Joey:  As with any race bike, I prefer a few mods. One is for fit, I usually run a zero offset seat post and a shorter stem length than what typically comes stock. As the stock parts are typically aluminum I replace them with carbon ones to shed a little weight while keeping or adding stiffness where you need it, like the cockpit. Wheels are another upgrade for me. The 2014 Pro Race Red Disc comes with a nice pair of carbon tubular wheels as well as aluminum clincher training hoops, but those aren’t tubeless compatible, a must in my book for serious CX use and I think tubeless-specific wheels are best when running a tubeless system/tires. This year I luckily found a few options that were tubeless, disc, and 11-speed, which is what I’m running this season. The real challenge was in finding a fully compatible AND affordable training wheelset. Next year though I’m sure there will be plenty more options.

I’m running my Ultegra tubeless wheels from last season for training and I have to say, tubeless seems to be the way to go—cost-effective, very puncture resistant when run with sealant, and they can be fairly light. I’ll have to tell you guys how the tubulars work out for me after the Six Shooter.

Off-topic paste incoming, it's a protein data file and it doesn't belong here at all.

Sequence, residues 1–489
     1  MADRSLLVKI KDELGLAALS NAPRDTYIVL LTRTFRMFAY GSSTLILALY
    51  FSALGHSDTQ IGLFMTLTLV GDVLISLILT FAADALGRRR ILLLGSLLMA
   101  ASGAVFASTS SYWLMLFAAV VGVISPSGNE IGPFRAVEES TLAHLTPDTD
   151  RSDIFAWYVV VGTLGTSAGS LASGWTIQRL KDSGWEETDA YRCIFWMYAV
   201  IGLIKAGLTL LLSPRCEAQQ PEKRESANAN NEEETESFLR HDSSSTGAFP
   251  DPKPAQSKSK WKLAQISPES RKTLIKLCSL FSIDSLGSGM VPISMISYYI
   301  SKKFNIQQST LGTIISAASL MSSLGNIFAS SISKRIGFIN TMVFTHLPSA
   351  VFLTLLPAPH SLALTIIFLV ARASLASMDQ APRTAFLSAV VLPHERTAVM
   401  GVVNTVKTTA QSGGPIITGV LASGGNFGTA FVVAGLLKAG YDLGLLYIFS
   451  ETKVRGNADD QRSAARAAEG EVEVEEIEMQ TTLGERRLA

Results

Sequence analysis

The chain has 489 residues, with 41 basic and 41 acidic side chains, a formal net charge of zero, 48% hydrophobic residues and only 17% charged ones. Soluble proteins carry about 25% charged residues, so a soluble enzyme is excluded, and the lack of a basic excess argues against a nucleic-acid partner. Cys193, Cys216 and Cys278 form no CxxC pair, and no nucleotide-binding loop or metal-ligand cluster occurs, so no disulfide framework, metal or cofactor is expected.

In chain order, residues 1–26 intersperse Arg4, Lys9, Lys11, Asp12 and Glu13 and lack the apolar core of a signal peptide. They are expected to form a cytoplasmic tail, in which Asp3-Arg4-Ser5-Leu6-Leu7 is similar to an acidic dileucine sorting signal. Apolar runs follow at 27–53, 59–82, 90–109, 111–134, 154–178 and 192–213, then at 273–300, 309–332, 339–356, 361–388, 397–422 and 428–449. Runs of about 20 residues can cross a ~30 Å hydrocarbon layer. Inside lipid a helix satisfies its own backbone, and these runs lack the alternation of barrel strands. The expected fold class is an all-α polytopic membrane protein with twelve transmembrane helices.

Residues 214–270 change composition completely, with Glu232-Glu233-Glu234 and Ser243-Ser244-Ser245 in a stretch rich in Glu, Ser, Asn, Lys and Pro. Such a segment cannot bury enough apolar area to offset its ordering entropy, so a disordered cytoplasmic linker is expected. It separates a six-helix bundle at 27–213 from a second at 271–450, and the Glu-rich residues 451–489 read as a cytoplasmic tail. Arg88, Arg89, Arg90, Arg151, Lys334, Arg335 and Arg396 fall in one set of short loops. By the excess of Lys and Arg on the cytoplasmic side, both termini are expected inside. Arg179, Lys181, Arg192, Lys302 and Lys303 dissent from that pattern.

Races have yet to start. But I’ve seen you both out and about at Richard Moya Park. Where else are you riding your Crux to get ready?

Ray:  I have owned the bike for a few weeks now and have only done a few cyclocross type rides. Early on when I got the bike I was mostly ridding the road. I’m still pretty new to Austin so I’m not sure of every place to practice or where any long dirt roads are. I also understand where my fitness currently is and I am still building up some base miles. I’ve been doing a few of the local cyclocross practices and am really enjoying it.